The thrust of President Uhuru Kenyatta’s speech during Sunday’s Mashujaa Day celebrations was national unity, underscoring the fact that pervasive division motivated by ethnic and political interest are a major impediment to the country’s progress.
Unity remains an elusive pursuit because of perpetual mistrust. Politicians particularly thrive on ethnic mobilisation, which involves demonising others and using positions of influence to support their communities at the expense of others and implanting seeds of ethnic hatred.
Already, there is intense division in the political scene linked to presidential succession as President Kenyatta’s term ends in 2022.
Triggering this was the handshake between President Kenyatta and Opposition leader Raila Odinga in March last year.
The ruling Jubilee Party is divided right down the middle. A group within the party supports the handshake that’s pushing for national unity, while the other revolving around Deputy President William Ruto is fiercely opposed to the initiative it views as a ploy to stop the latter’s ascendancy to the presidency.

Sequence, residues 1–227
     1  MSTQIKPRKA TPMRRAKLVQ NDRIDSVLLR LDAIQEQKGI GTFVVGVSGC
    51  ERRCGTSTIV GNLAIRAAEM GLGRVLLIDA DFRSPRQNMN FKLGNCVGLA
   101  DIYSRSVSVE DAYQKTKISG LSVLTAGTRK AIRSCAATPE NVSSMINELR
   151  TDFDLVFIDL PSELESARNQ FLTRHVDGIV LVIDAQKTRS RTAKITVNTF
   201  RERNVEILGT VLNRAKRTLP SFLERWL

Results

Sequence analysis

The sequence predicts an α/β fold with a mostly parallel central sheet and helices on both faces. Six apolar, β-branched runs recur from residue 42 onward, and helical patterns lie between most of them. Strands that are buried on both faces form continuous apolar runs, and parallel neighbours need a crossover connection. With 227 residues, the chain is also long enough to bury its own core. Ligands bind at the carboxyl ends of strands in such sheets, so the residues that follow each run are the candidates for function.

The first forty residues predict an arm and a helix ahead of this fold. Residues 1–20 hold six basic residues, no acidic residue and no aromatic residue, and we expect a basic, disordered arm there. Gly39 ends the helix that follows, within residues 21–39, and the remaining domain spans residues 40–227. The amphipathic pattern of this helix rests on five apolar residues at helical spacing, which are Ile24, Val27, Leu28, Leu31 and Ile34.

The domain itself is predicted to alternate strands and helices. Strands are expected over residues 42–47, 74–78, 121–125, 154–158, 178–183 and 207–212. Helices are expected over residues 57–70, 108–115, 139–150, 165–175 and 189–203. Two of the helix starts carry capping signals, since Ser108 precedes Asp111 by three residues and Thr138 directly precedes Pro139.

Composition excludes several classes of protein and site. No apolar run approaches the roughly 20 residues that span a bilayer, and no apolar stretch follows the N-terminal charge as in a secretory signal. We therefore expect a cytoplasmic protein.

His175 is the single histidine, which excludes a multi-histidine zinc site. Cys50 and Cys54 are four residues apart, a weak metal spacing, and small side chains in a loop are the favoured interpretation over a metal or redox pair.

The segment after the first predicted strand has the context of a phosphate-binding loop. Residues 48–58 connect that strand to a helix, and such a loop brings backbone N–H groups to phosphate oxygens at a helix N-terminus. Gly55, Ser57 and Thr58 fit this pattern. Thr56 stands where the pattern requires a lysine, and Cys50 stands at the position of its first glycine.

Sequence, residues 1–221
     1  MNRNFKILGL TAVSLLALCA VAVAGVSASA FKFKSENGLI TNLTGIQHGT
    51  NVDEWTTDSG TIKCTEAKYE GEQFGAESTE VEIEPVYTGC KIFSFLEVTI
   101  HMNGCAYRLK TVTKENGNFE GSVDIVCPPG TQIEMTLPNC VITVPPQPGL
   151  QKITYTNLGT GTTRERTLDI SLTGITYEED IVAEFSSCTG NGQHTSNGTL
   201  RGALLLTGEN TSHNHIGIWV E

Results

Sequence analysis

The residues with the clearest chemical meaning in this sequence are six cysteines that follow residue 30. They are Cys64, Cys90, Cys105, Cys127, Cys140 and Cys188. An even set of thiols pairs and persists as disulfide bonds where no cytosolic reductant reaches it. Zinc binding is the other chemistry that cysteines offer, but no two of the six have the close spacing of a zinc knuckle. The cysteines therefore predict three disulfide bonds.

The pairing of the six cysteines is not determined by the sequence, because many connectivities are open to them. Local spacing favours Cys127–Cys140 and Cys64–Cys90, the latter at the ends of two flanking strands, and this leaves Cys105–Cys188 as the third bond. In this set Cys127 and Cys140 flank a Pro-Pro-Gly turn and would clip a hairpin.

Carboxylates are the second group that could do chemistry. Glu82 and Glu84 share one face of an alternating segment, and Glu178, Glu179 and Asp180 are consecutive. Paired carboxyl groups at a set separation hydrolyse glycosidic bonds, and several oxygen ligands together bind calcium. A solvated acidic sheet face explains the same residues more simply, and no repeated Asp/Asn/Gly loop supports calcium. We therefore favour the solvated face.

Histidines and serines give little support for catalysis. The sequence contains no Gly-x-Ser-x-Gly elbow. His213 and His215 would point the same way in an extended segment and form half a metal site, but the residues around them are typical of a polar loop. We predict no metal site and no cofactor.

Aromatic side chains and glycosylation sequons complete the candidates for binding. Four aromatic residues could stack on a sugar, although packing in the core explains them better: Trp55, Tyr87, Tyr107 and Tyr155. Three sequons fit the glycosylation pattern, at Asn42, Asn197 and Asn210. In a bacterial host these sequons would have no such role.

But even among the supporters of the handshake, there is no clarity on what it’s all about.
The unity question is deep. Achieving it goes beyond political pacts to structures and systems that gives it force.
It must go beyond political rhetoric. One of the reasons for ethnic animosities is the skewed access to national resources.
Throughout our history, political leaders have entrenched a culture where they allocate more resources and opportunities to their regions or members of their community to the exclusion of others.
Which is the reason why in the clamour for constitutional change, there was push for equity in resource allocation and distribution.
Therefore, devolution was intended to cure the anomalies of unequal distribution of resources.
Moreover, the Constitution pushes for meritocracy to allow equal access to State positions by virtue of abilities.
Despite the constitutional provisions, the inequalities persist.
Some regions get more opportunities compared to others and which reflects the power of political influence and which undermines the pursuit for unity.
In recent months, the government has singularly demonstrated bias towards the elderly, who get lucrative appointments to the exclusion of the youth and women.
In effect, the argument being made here is that the push for national unity must be demonstrated through governmental interventions.
At the same time, President Kenyatta made an appeal for patriotism, beseeching the citizens to act with integrity and exercise their civic duties such as paying taxes, whistle-blowing and fighting corruption.
That sounds good at the conceptual level. Enforcing that, however, begins from the top.
Political leaders must first show patriotism in word and deed. That is when the citizens can follow suit.
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